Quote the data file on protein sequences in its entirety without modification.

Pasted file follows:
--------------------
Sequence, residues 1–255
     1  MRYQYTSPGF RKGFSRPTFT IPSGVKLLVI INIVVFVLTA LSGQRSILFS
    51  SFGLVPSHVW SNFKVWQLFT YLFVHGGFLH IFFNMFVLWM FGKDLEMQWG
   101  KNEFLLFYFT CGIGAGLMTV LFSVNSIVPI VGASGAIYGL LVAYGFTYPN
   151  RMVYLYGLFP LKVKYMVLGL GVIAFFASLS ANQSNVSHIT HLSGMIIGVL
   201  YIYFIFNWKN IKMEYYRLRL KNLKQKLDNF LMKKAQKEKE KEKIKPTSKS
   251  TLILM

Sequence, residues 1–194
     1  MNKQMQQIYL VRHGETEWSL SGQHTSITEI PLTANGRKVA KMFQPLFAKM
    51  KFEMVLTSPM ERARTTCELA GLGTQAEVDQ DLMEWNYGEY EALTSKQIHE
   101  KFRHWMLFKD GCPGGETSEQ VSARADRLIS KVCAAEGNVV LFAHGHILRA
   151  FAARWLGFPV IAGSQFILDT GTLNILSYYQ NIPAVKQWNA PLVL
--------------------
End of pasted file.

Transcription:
Sequence, residues 1–255
     1  MRYQYTSPGF RKGFSRPTFT IPSGVKLLVI INIVVFVLTA LSGQRSILFS
    51  SFGLVPSHVW SNFKVWQLFT YLFVHGGFLH IFFNMFVLWM FGKDLEMQWG
   101  KNEFLLFYFT CGIGAGLMTV LFSVNSIVPI VGASGAIYGL LVAYGFTYPN
   151  RMVYLYGLFP LKVKYMVLGL GVIAFFASLS ANQSNVSHIT HLSGMIIGVL
   201  YIYFIFNWKN IKMEYYRLRL KNLKQKLDNF LMKKAQKEKE KEKIKPTSKS
   251  TLILM

Sequence, residues 1–194
     1  MNKQMQQIYL VRHGETEWSL SGQHTSITEI PLTANGRKVA KMFQPLFAKM
    51  KFEMVLTSPM ERARTTCELA GLGTQAEVDQ DLMEWNYGEY EALTSKQIHE
   101  KFRHWMLFKD GCPGGETSEQ VSARADRLIS KVCAAEGNVV LFAHGHILRA
   151  FAARWLGFPV IAGSQFILDT GTLNILSYYQ NIPAVKQWNA PLVL